Summer Lit Issue:
'Requiem for an Assassin' | 'A Thousand Splendid Suns' | 'Lime Kiln Legacies' | 'Leni: The Life and Work of Leni Riefenstahl' | 'After Dark' | Literary shorts | 'The Other End' | Harry Potter | 'Red Eye, Black Eye' and 'Gangster Film Reader'
Photograph by Felipe Buitrago
High-Tech Spy Game
Barry Eisler used to work for the CIA; now he writes bestselling books about John Rain, an international hit man in exotic locales. His latest thriller, 'Requiem for an Assassin,' raises troubling issues about the limitless ability to snoop on anybody, anywhere, anytime.
By Gary Singh
Bay Area author Barry Eisler has just unleashed Requiem for an Assassin, the sixth book in his now world-renowned series about John Rain, a Japanese-American freelance killer who slithers through exotic locales and murders people while making it look like the person died of natural causes.
Eisler himself comes from a wide background that completely, overwhelmingly drives the books. For example, as a member of the Central Intelligence Agency's Directorate of Operations, he studied everything you would expect someone to have studied in that branch of the CIA, and it all shows up in the novels: surveillance, countersurveillance, betrayals of relationships, interrogation, improvised weaponry and clandestine operations. He only recently changed his status and revealed to the public that he worked for the agency.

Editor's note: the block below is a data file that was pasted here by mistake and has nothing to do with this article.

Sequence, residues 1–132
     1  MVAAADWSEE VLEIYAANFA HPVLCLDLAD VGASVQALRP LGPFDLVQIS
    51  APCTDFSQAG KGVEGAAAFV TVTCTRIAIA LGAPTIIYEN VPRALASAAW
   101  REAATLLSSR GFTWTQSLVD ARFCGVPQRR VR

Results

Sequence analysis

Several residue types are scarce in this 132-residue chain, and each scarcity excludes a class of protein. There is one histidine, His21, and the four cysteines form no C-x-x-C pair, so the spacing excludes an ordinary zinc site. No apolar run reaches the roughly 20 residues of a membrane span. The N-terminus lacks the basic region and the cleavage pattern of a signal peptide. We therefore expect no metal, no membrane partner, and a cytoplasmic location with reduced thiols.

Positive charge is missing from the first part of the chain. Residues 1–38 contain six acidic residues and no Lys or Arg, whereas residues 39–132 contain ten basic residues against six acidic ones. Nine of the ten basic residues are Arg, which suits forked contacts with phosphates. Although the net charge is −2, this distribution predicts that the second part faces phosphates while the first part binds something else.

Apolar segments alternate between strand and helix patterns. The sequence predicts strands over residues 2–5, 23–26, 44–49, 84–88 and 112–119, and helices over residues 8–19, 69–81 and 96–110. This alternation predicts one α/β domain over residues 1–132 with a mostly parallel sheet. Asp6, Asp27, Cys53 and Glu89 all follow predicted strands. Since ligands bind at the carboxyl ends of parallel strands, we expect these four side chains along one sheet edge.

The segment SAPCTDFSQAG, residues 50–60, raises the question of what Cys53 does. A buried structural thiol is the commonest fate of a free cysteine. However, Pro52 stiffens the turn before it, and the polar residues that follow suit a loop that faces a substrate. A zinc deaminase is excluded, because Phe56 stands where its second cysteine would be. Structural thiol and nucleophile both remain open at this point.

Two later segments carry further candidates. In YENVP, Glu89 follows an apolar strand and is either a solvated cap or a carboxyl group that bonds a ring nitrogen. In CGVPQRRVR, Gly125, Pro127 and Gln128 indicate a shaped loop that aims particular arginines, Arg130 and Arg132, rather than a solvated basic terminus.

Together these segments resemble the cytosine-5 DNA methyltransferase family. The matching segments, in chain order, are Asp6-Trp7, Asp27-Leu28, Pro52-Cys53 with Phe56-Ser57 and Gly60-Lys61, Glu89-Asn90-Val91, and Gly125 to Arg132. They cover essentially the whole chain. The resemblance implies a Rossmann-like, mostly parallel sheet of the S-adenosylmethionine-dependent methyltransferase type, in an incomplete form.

I recently hooked up with Eisler, primarily because if there's going to be a book featuring a scene where a half-Eastern half-Western assassin rampages through familiar Northern California haunts like Palo Alto, ridicules the yuppies and brutally bumps off a corporate CEO in the dark, I just had to go yak with the author.
METRO SANTA CRUZ: In these books, you've got two things that just automatically intrigue the general public: exotic locales and spooks. Where did the impetus for the series come from?
EISLER: I was living in Tokyo and an image came to me of two men following another man down the street ... and I started thinking about it, and I said, who are these guys? Why are they following that other guy? And I thought: They're assassins. They're going to kill him. And I thought, who are they, why are they going to kill him, who hired them, where did they come from? And it started to feel like a story, and I've always liked to write, so I started writing it to see what happened. That's how the book got started. As far as spies and the exotic locale stuff--and having spent three years in the CIA, you're naturally thinking about spy stuff--and living in Tokyo, the exotic locale presented itself.
When the series first emerged, you were somewhat evasive about what you actually did for the United States government. What did it take to change your status and come above ground?